A heuristic approach to the design of GPS networks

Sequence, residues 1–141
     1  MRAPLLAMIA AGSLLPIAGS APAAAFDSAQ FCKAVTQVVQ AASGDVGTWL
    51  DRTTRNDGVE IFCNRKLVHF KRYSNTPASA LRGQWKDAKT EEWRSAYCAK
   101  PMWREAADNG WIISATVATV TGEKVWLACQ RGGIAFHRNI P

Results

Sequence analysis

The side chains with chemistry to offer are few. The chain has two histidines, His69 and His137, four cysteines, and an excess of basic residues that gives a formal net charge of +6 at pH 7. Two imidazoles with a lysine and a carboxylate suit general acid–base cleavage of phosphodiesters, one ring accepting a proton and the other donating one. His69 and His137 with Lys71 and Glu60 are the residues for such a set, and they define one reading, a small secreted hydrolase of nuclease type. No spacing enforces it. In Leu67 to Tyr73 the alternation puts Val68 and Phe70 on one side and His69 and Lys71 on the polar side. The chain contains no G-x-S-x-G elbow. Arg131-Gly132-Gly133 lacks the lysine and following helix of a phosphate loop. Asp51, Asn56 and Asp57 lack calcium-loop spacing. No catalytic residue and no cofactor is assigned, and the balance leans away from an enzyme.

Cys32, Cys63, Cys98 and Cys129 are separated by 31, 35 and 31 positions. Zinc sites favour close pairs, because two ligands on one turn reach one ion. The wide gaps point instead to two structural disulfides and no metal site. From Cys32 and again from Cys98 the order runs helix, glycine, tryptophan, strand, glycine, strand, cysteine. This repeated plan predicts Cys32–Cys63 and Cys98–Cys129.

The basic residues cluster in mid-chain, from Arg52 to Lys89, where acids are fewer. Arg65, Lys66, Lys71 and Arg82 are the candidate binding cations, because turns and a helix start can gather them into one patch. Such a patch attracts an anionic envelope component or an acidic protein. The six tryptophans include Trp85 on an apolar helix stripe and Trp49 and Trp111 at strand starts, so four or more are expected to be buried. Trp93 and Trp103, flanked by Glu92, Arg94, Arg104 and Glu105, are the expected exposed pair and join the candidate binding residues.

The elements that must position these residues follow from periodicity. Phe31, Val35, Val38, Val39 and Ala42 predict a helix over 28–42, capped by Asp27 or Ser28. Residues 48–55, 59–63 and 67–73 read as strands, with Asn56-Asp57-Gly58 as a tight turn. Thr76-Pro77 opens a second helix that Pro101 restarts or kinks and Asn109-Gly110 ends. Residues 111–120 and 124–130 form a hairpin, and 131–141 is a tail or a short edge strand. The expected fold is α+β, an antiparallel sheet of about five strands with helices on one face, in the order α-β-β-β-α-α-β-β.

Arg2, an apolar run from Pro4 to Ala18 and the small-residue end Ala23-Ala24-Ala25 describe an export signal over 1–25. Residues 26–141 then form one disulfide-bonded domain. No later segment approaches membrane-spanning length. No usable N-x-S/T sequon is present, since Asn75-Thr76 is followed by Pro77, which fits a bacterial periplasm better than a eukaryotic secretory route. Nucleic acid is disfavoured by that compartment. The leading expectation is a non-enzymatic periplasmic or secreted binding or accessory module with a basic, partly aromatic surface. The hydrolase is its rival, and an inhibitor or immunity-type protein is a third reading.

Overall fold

This thesis deals with logistics of the satellite-based Global Positioning System (GPS) surveys. Heuristic techniques, within the field of Operational Research (OR), for hard Combinatorial Optimization Problems (COPs), have been applied to the design of GPS surveying networks. The aim of a COP is to search and determine the most suitable solution for optimizing (minimizing or maximizing) an objective function (cost, accuracy time, distance etc) over a discrete set of feasible solutions. The designing of a GPS network as a COP consists of set of feasible schedules and the goal is to determine the cheapest schedule. When related to GPS, a network can be defined as a set of stations which are co-ordinated by placing receivers on them to determine sessions between them. A session can be defined as a period of time during which two or more receivers are simultaneously recording satellite signals. The required minimum number of receivers is two, and the problem of network designing becomes crucial as this number increases. The problem addressed is to search for the best order in which these sessions can be organised to give the best schedule (minimal cost) to complete all sessions. In practice this means determining how each GPS receiver should be moved between the stations to be surveyed in an efficient manner taking into consideration some important factors such as time, cost etc. Exact methods can solve only small networks and are not practical as the size of the network increases. Hence, it is important to have approximate techniques (heuristic techniques) which can provide an optimal or near-optimal schedule for large networks in a reasonable amount of computational time. In this thesis, new techniques of research based on effective computer based heuristic optimization techniques for the above mentioned problem have been researched, designed, developed, implemented and analysed theoretically and empirically. These heuristics, which are based on ideas from Artificial Intelligence (AI), are the most recent and powerful development techniques applicable to a wide range of important problems which occur in a variety of disciplines, such as, statistics, engineering, mathematical programming and operational research. A heuristic technique starts with an initial starting solution (within this context, an initial schedule). It iteratively attempts to improve upon the current schedule by a series of local improving changes (swapping sessions) generated by a suitably defined mechanism until a stopping criterion is met. The heuristics that have been implemented in this research are Local Descent Search(LDS), Simulated Annealing (SA) and Tabu Search (TS). The LDS method accepts only a schedule that generates a reduction in the objective function value. On the other hand, both SA and TS techniques combine different operational and organizational strategies based on robustness and computer models in order to obtain high-quality schedules. Computational results for several case studies are presented for these techniques. Within the GPS surveying and OR literature, this is the first attempt of its kind to have been carried out. The main contribution of this thesis is the development of the above heuristics for solving the GPS network logistics design problem. Their performance was investigated, evaluated and compared with networks with known optimal schedule with respect to schedule quality and the computational effort. The new concept of a sessions-interchange mechanism was developed and implemented. To assist in the evaluation, tests were carried out using two large and different types of networks observed in Malta and the Seychelles. For both networks, the developed SA and TS techniques yielded high-quality schedules than those actually observed. The main limitation with the SA method is the amount of computational time required. This is considerably improved by the use of the sequential sessions structure. The use of a new cooling optimization scheme is developed and implemented to remedy the most time consuming part of process, but the design of a network still needs higher computation times. It is concluded that the SA approach of finding the cheapest schedule for large networks is time consuming. The superiority of TS has been proven both with respect to the GPS schedule quality and computational effort on large GPS networks. For the GPS surveyor, it has been shown that the techniques developed can reduce significantly the cost of carrying out a GPS survey. As these techniques have both theoretical and practical interest, not only the best results have been reported, but some variants of these techniques have been proposed. This provides a strong motivation and fertile opportunity for innovation in adapting heuristics for solving other practical surveying optimization problems where feasibility and good solutions are difficult to obtain.